"Why is your finger on top of the blade? That is wrong. It is dangerous. Do not do it." I immediately slipped my finger to the hilt of the knife.
On her way back, his finger was once again on the top of the knife. "I warned you. That is dangerous to you. It is dangerous to other people around you. You are out of my class. Go now."
Gordon Ramsay had nothing on her. From that moment, we remaining seven called her Dragon Lady. It was not a compliment. One night, some wag (who fortunately was never identified) posted a note above the door. "Abandon hope all ye who enter here."
Oh, the eighth student. That was the "chop suey" lady. She committed some infraction involving a chicken. She was gone. Along with the finger guy.
We survivors learned a lot over the thirteen weeks. How to choose a wok (flat bottoms and teflon were deemed to be the work of Satan; I have both in my kitchen). How to season, clean, and store it. How to choose meats and vegetables suitable for stir fry (high quality only). How to slice each in varying styles depending on how the flavors are to play off each other. What oils to use.
She pointed out that learning how to to fry is very much like learning to become a concert pianist. All of the stir fry techniques are like learning scales and etudes. Without them, you cannot be an able artist. But it is the last step where most cooks undermine everything else -- putting everything together in the wok.
She shared my detestation of most stir fry results. I have eaten stir fry in many homes where the result is on a par with those Chung King dinners. She pointed out that the reason is simple. Most cooks have no idea how to layer tastes and recognize when vegetables and meats have been cooked to their individual perfection. Always in mere seconds, not minutes. If done correctly, each vegetable should retain its own taste. And it cannot do that if it is overcooked. It must retain its crunch.
So, we experimented. Cutting slices thicker and thinner. Switching the order in which each was separately added to the wok. And, over those thirteen weeks (and the subsequent thirty years), I am now a competent stir fry cook, who still changes the order in which garlic is added to the wok..
Thanks to the Dragon Lady.
A few years my college-era friend Leo visited me here in Barra de Navidad. He convinced me that it would be wise for me to pay attention to my diet and my exercise. Not for my health (which was not a primary concern for me), but because I would never be younger than I was that day.
I completely altered my diet. Snack foods were exiled from the house. I ate more vegetables and fewer simple carbohydrates. And I walked. Multiple miles every day.
The result was a steady weight loss. I felt better. I ate better. Life was good.
That lasted almost two years. It ended when my family came to stay with me, and I reverted to my old diet. The reason was simple, my family purchased food I had stopped eating. But, because my character has a certain flaw, I returned to old habits because the food was there. And then I started showing off by cooking a lot of meals I like for my family. The food I had sopped eating.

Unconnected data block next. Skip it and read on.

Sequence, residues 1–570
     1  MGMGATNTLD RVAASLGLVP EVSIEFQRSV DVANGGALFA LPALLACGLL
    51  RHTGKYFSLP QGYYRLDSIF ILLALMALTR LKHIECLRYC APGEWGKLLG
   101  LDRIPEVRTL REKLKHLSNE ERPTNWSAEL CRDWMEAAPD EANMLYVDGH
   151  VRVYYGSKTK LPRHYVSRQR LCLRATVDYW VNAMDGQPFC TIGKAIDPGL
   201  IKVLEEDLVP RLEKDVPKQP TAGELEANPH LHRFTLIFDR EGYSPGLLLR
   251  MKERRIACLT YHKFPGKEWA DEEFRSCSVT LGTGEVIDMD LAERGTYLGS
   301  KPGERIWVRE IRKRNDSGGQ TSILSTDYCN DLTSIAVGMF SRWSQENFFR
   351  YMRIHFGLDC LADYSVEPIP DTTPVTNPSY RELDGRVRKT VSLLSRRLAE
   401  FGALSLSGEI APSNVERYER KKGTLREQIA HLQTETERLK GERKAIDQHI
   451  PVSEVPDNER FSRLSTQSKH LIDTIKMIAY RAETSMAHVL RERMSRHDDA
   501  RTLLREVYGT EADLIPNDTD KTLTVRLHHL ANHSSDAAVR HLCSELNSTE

But I retained some healthy food habits. Like stir fry. If you look at any healthy eating book, it will recommended a meal of 50% cooked or raw vegetables, 25% protein, and 25% healthy starch. That sounds exactly like basics of stir fry.
Sometimes, our best intentions are given a boost when crisis rolls over our mantra. That happened to me in early July.
The month of June was odd for me. For the entire month, I suffered recurring bouts of diarrhea that baffled each of the doctors I consulted. They tried various medications. Some relieved symptoms, but the bouts continued.
It turns out I would have been wiser to talk to my brother earlier. He knew exactly what was happening. I am fine now.
As part of the testing, I asked my doctor to test for certain indicators that have risen whenever I am ill. They are never related to the cause, but they are like the proverbial canary in the mind.
That is when I discovered that my DNA had caught up with me. I had been expecting the diagnosis for decades. But there it was in black and white.
Fortunately, I could deal with its consequences by simply reinstituting my Leo Plan -- more exercise, better food. And that is what I have been doing.
My daily goal is to walk 15 miles a day while fighting the tendency of my feet to blister. On that front, I am coping.
On the food front, I am thriving. My blogger pal, Felipe wrote yesterday about the Monotony of Mexican Meals. I concur with his opinion. If I had to eat in Mexican restaurants, I would weigh much more than I do save for the fact that my boredom with the cuisine would keep me thin.
Fortunately, the skills I leaned from Linda Chan will keep me healthy while tempting my palate. Mexican food may be monotonous, but Mexican produce, chicken, and pork are all first rate. With the exception of the beef and tomatoes. Or, as Felipe puts it: "What passes for tomatoes here should be court-martialed and executed."
One of the later lessons Madame Chan taught us was that stir fry is not merely for Chinese dishes. Any type of food can be cooked in a wok. After all, it is just a cooking technique to preserve the freshness and flavor of the meal.
In her class, we cooked paella; vodka pasta chicken; pasta primavera; wilted spinach salad; pork cutlets Normandy; the classic Italian pork with basil, pine nuts, and balsamic; ratatouille pork; moussaka; Lebanese lamb; mustard cream veal; beef stroganoff;apricot turkey; chicken marsala; chicken piccata; chili with duck sausage; orange duck; chicken Morocco; and several soups.
The point is that stir fry is not just chop suey. Excuse me. It is never chop suey. (She might read this.)
It is has been a long road from that Cantonese restaurant on McLaughlin Boulevard to me standing over a wok in Barra de Navidad. But it has turned out to be a fortuitous one.
My condition will not go away. But, with the help of some techniques I learned from the Dragon Lady, I am a rather good cook.
I am going to enjoy the rest of the ride.
* -- My nod to Edward Albee, a favorite of my youth, from one of my favorite plays and movies.